British expats join forces to fight for Brexit rights
A coalition of groups representing Britons living in EU nations joined forces Thursday to defend their rights as Britain readies to pull out of the bloc and thousands of expats worry about their future.
In an “Alternative White Paper” timed to coincide with the British government’s launch of its blueprint for Brexit, organisations representing British citizens living in Germany, France, Belgium, Italy and Spain called for their rights as EU citizens to be preserved after the pull-out.
“The (Brexit) referendum gave no mandate to alter the rights of these people,” read the document drafted by Jane Golding and Jeremy Morgan, two British lawyers living in Germany and Italy respectively, and endorsed by 10 groups.
“It was no part of the (pro-Brexit) Leave campaign that their rights should be torn up, quite the contrary.
“It is therefore essential that whatever steps are necessary to protect these rights are taken, and taken as a matter of urgency to bring an end to the anxiety that they are feeling about their personal futures and those of their families.”
The document called for expats’ pre-Brexit rights to be included in EU withdrawal negotiations and explicitly guaranteed in a final agreement “so as to give it the force of international law.”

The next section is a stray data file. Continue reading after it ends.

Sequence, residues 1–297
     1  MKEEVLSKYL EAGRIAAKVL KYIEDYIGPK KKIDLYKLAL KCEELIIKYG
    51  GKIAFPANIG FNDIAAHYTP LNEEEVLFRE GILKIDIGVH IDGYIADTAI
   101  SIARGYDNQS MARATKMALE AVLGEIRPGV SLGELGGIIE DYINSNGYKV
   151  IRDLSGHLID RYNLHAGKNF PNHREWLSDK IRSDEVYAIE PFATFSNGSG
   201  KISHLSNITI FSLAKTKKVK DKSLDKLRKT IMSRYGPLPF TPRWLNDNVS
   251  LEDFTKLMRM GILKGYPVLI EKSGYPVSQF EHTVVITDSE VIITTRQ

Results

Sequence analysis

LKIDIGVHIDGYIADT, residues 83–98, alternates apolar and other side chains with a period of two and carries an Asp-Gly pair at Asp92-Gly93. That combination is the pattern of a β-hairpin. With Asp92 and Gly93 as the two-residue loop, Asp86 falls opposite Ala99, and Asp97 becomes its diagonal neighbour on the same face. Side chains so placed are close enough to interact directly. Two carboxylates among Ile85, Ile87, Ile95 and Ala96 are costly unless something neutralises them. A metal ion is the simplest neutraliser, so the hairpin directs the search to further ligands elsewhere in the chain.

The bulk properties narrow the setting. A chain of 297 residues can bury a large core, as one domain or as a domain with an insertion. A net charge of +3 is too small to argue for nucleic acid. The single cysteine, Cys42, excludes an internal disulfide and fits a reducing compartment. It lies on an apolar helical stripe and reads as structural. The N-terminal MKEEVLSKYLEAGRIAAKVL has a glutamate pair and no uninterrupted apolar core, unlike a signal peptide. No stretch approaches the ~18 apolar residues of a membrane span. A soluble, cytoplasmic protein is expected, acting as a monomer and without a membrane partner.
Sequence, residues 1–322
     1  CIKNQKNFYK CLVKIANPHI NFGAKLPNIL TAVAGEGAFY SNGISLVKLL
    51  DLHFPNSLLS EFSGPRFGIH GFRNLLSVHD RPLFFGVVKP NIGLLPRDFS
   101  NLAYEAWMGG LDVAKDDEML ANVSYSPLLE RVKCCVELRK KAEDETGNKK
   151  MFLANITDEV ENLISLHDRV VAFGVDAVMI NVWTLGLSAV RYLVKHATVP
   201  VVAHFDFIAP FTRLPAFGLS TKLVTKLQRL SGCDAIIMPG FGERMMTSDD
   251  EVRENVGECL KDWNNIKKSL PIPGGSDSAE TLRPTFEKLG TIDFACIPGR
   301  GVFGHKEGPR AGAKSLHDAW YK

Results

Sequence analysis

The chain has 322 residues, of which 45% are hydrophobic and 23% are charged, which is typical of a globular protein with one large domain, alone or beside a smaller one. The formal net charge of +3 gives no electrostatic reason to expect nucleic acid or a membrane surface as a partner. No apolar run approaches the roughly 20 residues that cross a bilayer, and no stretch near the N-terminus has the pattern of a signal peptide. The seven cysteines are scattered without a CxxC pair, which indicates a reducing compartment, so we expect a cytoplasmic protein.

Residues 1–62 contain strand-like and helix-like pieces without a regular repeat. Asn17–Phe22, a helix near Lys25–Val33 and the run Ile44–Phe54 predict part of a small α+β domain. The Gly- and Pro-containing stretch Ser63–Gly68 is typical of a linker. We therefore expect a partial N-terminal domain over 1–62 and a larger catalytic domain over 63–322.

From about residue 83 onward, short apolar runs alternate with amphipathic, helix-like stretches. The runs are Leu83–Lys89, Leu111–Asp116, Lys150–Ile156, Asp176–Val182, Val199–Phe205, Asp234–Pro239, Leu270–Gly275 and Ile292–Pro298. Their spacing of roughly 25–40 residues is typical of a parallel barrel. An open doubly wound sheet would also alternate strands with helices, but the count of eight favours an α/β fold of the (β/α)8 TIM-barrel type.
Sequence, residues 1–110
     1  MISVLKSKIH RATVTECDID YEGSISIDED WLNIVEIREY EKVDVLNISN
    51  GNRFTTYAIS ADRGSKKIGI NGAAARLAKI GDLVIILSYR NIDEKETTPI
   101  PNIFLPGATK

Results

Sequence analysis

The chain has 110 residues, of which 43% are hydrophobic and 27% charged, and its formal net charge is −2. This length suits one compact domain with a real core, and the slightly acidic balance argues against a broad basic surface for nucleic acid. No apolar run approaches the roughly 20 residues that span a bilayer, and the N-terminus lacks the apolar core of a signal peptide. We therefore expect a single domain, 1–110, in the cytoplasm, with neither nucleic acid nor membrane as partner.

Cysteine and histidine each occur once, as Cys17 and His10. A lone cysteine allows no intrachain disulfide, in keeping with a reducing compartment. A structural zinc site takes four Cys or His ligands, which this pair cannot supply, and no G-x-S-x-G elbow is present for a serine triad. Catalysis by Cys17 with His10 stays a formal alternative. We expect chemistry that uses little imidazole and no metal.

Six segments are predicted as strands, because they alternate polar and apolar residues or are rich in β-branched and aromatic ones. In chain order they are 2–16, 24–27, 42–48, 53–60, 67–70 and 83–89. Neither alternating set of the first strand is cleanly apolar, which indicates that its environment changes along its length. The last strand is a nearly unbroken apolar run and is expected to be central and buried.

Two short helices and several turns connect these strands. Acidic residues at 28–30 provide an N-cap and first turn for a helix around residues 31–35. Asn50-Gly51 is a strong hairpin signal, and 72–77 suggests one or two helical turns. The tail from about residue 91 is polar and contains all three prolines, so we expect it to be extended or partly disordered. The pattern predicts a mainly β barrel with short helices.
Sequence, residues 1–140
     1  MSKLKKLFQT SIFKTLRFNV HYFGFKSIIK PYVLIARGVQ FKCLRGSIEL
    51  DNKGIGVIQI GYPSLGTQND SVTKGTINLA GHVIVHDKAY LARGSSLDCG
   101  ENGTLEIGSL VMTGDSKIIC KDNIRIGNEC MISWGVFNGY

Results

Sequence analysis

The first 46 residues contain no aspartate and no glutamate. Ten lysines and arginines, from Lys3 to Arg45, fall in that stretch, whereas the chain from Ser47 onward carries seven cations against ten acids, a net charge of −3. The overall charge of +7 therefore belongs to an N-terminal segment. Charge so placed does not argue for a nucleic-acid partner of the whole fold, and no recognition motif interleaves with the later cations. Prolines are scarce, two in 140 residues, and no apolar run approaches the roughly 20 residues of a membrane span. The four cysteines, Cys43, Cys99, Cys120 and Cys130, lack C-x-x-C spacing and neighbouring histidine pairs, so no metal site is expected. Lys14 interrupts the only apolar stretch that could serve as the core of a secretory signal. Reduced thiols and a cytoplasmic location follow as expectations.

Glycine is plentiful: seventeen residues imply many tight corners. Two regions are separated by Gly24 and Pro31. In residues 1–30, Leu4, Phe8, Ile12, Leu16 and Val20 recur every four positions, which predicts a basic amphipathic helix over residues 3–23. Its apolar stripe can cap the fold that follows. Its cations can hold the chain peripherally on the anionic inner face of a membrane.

It is estimated at least 1.2 million British citizens live in the 27 other EU member states, though that number could be far higher.
Chief on their minds are healthcare, pensions, the right to work, to study, and to generally remain in their country of residence — all of which are addressed in the “alternative white paper.”
In Spain, for instance, which counts a huge British community, many of them pensioners who have moved to better climes, healthcare is a huge concern, particularly with the fall in the pound following June’s referendum.
For now, it is covered by Spain’s social security system under EU mechanisms that allow Britons to receive the same treatment as locals, and many would not be able to pay if that right were taken away.
The “alternative white paper” also highlighted the case of professionals such as nurses or architects whose qualifications are recognised EU-wide, and would have to re-qualify in their country of residence.
“It’s very important to speak with one voice,” Golding, a member of Germany’s “Brits in Europe” association, told AFP.
“These are real people, real lives, real problems we’re facing.”